Trade  - What started as a war of words (and tweets),  a “trade tiff” has escalated in recent weeks.  It is becoming more likely that a trade war will ensue on some level (if it hasn’t already).  This past weekend, the latest development was Trump leaving the G7 summit early and refusing to sign the joint communique.  Trump’s actions were largely in response to Justin Trudeau’s (Prime Minister of Canada) comments that Canada would “not be pushed around."  Trump remarked of the G7 that the US is “being taken advantage of by virtually every one of those countries.” 

Attention was quickly turned today to the summit between Trump and Kim Jong Un, a historic meeting that led to an agreement by North Korea to dismantle the country’s nuclear program.  Many details remain to be clarified however, this is a very encouraging sign for global relations.

It’s clear that the the US’ role on the global stage and trade equality remains top of mind for the administration and more is certain to come. 

Interest Rates – Interest rate levels serve as a key component in the pricing of financial assets, and as a result, they deserve your attention.  Interest rates have risen since the beginning of the year (Rate on 10 year US Treasury sits at 2.96% on 6/11/18, up from 2.4% as of 12/31/17).  The US Federal Reserve meets again this week and it is highly anticipated they will again raise rates (the 7th such hike since December 2015).

Perhaps of even more interest is the flattening of the yield curve (when short-term rates rise at a faster rate than long-term rates).  The spread between 2yr and 10yr US treasuries is a much-monitored measure and that spread is declining (rests at 0.43% as of 6/12/18).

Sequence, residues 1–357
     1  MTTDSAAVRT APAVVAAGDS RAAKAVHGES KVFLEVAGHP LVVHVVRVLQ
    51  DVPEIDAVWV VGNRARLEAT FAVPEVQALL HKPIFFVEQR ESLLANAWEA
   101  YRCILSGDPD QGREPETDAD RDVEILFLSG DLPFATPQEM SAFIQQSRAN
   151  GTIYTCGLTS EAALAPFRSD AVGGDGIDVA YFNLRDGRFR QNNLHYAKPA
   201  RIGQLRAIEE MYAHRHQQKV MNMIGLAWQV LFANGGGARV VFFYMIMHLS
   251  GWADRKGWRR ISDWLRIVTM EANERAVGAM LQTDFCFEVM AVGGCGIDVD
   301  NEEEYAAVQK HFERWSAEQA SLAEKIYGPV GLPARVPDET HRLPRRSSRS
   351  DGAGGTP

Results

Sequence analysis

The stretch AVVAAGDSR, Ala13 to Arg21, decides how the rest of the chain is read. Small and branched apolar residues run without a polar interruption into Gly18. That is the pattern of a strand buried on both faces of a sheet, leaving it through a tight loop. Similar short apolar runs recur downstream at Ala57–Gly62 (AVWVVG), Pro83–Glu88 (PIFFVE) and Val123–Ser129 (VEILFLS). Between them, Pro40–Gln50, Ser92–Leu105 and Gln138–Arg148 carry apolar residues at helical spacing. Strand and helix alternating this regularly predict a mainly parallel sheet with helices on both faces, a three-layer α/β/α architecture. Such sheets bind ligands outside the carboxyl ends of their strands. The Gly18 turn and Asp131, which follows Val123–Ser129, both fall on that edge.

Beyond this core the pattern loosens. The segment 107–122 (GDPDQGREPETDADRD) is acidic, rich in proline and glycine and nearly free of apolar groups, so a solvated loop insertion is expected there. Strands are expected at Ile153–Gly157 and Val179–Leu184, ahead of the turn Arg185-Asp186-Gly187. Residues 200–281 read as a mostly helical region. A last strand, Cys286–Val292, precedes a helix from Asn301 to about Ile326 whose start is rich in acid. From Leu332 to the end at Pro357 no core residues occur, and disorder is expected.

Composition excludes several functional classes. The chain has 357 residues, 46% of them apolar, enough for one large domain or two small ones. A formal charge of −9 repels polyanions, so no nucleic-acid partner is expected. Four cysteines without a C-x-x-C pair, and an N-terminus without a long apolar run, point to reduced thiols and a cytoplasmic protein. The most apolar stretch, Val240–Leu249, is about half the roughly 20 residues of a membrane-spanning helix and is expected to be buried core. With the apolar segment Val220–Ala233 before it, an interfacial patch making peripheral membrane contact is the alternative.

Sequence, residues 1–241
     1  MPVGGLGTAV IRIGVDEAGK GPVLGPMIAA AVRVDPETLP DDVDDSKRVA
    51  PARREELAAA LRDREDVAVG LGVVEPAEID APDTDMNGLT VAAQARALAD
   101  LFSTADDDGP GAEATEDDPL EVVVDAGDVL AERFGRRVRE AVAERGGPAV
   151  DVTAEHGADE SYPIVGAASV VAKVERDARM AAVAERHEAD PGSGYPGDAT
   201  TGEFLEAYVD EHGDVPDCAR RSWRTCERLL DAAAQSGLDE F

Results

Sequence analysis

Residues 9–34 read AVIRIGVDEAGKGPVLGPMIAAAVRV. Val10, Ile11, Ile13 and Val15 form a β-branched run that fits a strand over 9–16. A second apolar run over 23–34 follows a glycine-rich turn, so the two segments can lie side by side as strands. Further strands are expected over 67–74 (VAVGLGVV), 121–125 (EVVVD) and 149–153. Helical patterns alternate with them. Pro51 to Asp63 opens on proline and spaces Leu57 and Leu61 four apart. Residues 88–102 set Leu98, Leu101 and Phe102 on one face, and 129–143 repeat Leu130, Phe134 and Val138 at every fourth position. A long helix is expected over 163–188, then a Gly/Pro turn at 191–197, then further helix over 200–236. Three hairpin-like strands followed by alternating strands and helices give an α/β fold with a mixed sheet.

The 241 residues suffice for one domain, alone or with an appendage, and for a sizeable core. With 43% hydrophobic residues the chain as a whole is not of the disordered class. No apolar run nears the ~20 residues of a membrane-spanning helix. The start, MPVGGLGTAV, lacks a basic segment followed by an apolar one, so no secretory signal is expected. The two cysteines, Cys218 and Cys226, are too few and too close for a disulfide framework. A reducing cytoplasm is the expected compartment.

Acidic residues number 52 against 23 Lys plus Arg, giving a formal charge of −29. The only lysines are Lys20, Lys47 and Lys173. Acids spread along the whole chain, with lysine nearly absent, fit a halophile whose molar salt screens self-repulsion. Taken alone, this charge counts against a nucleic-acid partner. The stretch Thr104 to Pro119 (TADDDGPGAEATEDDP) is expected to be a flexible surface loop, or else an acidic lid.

Also worth consideration are interest rates around the globe. Both Europe and Japan continue easy monetary policies (albeit at a slower rate), which will present an interesting dynamic as the United States continues to move the other direction (ie: tighter monetary policy)

Growth – 2017 was the year of “synchronized global growth.”  That phrase was repeated countless times as markets reached record levels.  Has that changed in 2018?  No.  There are 189 economies in the world, and 185 are growing (what are the four?  North Korea, Venezuela, Brunei, and Equatorial Guinea).  The US is no exception, with 4% GDP growth not out of the question.  Economies are advancing – and for now, are growing despite the risks posed from potential trade changes and rising rates.

Earnings -  We are coming out of a record setting earnings season in Q1 2018.  Year over year earnings growth for the S&P 500 was 26.6%.  Much of that gain was driven by the tax law changes;  however the fact remains that earnings are accelerating at incredible rates.  It is expected that we have seen the peak in earnings growth rates – but not yet a peak in absolute earnings levels.  With growing economies and improved cash flow for consumers (due to the tax cut and declining unemployment), companies across virtually every sector are seeing improvements in their earnings and that trend is expected to continue.

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Recession – As primarily equity investors, this is a major area of focus.   We are continually evaluating whether a recession appears imminent as that would present a material headwind for many companies in which we are invested and the markets in general.  How can we predict a recession?  We can’t – but we can observe economic data that has tended to be a very strong predictor of recessions in the past.  The data we use most frequently is the Index of Leading Economic Indicators.  It’s a collection of ten data points utilized to predict downturns in the economy.  We look both at the overall trend line, but also at each of the component parts and their trends.  We are focused on whether the data is getting better/worse, not so much whether its absolute value is good/bad.  Below is a summary of the latest reading of the data and as you can see, we are still in a “better” period

Enjoy your summer and be sure to keep your eye on the TIGER.

Invest on,

Pam